I have followed a meandering path to writing and have had many adventures along the way.
I was raised in Asia and Europe as the daughter of a spy. That was adventure in itself. After and whilst earning degrees in psychology, social work, and human development at Carleton College, University of Washington and Harvard respectively, I followed my curiosity down a number of enticing trails. I had loved writing from the time I was small,(I copied books in second grade, wrote sappy poetry as a teenager, and actually liked writing those autobiographies for university applications,) but I didn’t think one was allowed to be a writer, and so, for quite a while, I pursued other occupations that stirred me. I carried out biological studies of whales in Patagonia, did psychiatric social work with disadvantaged children in Boston and San Jose, studied the lives of farmers in remote corners of the world, and became a university professor. Along the way I had two children. I enjoyed the academic and professional writing I did in these various fields—I loved inquiring into and writing about the joys and struggles entailed in being human—but, more and more, I found I wanted to evoke life rather than just report on it, and wed art to observation. The absorbing delight I felt in playing with language and describing experience prevailed. And, at last, I turned my sights to creative nonfiction writing.
Since that turning, I have published, most recently, Born Under an Assumed Name: The Memoir of a Cold War Spy’s Daughter. This book about my exotic and difficult childhood was chosen the ForeWord Reviews 2012 Book of the Year silver medalist in autobiography and memoir. I also have written two books of literary journalism that rose out of my passion for exploring far-off people and places: Dusk on the Campo: A Journey in Patagonia and Bread of Three Rivers: The Story of a French Loaf. Another publication, Of Many Lands: Journal of a Traveling Childhood, is a memoir writing guide for young people who grew up abroad as I did. My memoirs, essays, and commentaries have been published in national literary magazines, newspapers such as the Washington Post, and produced for Public Radio’s All Things Considered.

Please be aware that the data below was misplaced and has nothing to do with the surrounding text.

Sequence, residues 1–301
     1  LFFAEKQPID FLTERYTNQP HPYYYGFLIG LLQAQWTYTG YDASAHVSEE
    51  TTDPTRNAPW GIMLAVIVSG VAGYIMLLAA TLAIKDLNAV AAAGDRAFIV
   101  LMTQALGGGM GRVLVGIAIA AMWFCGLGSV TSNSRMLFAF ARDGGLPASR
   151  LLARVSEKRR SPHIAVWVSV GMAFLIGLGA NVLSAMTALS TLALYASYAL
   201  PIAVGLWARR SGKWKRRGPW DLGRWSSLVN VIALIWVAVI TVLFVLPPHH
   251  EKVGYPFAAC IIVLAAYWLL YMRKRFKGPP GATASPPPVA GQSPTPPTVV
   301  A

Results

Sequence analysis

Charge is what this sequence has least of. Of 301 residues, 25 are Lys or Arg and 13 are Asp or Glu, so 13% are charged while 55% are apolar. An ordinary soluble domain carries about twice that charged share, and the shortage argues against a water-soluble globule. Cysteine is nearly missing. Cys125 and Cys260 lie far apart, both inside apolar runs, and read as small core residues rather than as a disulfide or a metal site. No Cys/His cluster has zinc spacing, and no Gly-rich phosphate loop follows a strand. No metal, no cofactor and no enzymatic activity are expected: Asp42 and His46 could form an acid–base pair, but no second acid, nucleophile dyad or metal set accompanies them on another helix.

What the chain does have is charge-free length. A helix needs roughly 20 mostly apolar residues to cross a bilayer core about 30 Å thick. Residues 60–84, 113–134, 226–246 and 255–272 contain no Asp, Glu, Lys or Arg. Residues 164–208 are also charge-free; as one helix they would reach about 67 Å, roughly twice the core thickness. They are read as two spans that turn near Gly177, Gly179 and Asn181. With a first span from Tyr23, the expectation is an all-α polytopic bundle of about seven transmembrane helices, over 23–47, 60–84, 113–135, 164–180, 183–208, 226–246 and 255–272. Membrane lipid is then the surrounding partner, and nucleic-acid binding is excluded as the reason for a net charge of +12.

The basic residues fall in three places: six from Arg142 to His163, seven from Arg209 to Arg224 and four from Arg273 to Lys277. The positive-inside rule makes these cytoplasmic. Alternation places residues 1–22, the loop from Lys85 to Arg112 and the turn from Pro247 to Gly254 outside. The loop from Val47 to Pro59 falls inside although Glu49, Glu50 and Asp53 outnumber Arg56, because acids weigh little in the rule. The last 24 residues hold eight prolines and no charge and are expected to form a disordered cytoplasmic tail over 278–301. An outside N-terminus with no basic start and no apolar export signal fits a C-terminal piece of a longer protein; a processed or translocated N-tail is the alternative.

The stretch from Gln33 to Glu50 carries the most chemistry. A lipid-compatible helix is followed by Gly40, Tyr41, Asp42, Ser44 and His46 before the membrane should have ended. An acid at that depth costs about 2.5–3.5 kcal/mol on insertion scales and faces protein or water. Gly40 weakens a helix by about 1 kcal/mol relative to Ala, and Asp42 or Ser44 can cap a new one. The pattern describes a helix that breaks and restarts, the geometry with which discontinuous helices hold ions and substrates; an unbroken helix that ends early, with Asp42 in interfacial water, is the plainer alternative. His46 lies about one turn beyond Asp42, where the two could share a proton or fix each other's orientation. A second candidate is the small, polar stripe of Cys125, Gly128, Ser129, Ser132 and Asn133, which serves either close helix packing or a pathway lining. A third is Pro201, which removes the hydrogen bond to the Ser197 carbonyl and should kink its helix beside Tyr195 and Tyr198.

I have taught writing for twenty years at The Writer’s Center, the wonderful literary hub of the nation’s capitol. I have also taught writing workshops in the Masters of Arts in Writing program at Johns Hopkins University, the M.F.A. program at Vermont College of Fine Arts, and at other universities, and have led private seminars both in the U.S. and abroad. In addition to teaching, I have worked for two decades as a private editor and writing coach. In these capacities, I have edited hundreds of manuscripts and supported scores of people as they have brought their words to the page and their stories to the world. This has been a deep pleasure.
I live in the Washington D.C. area. For fun, I like to walk in the woods, bake chocolate cakes and other confections, and create boxes and books using the French craft of cartonnage.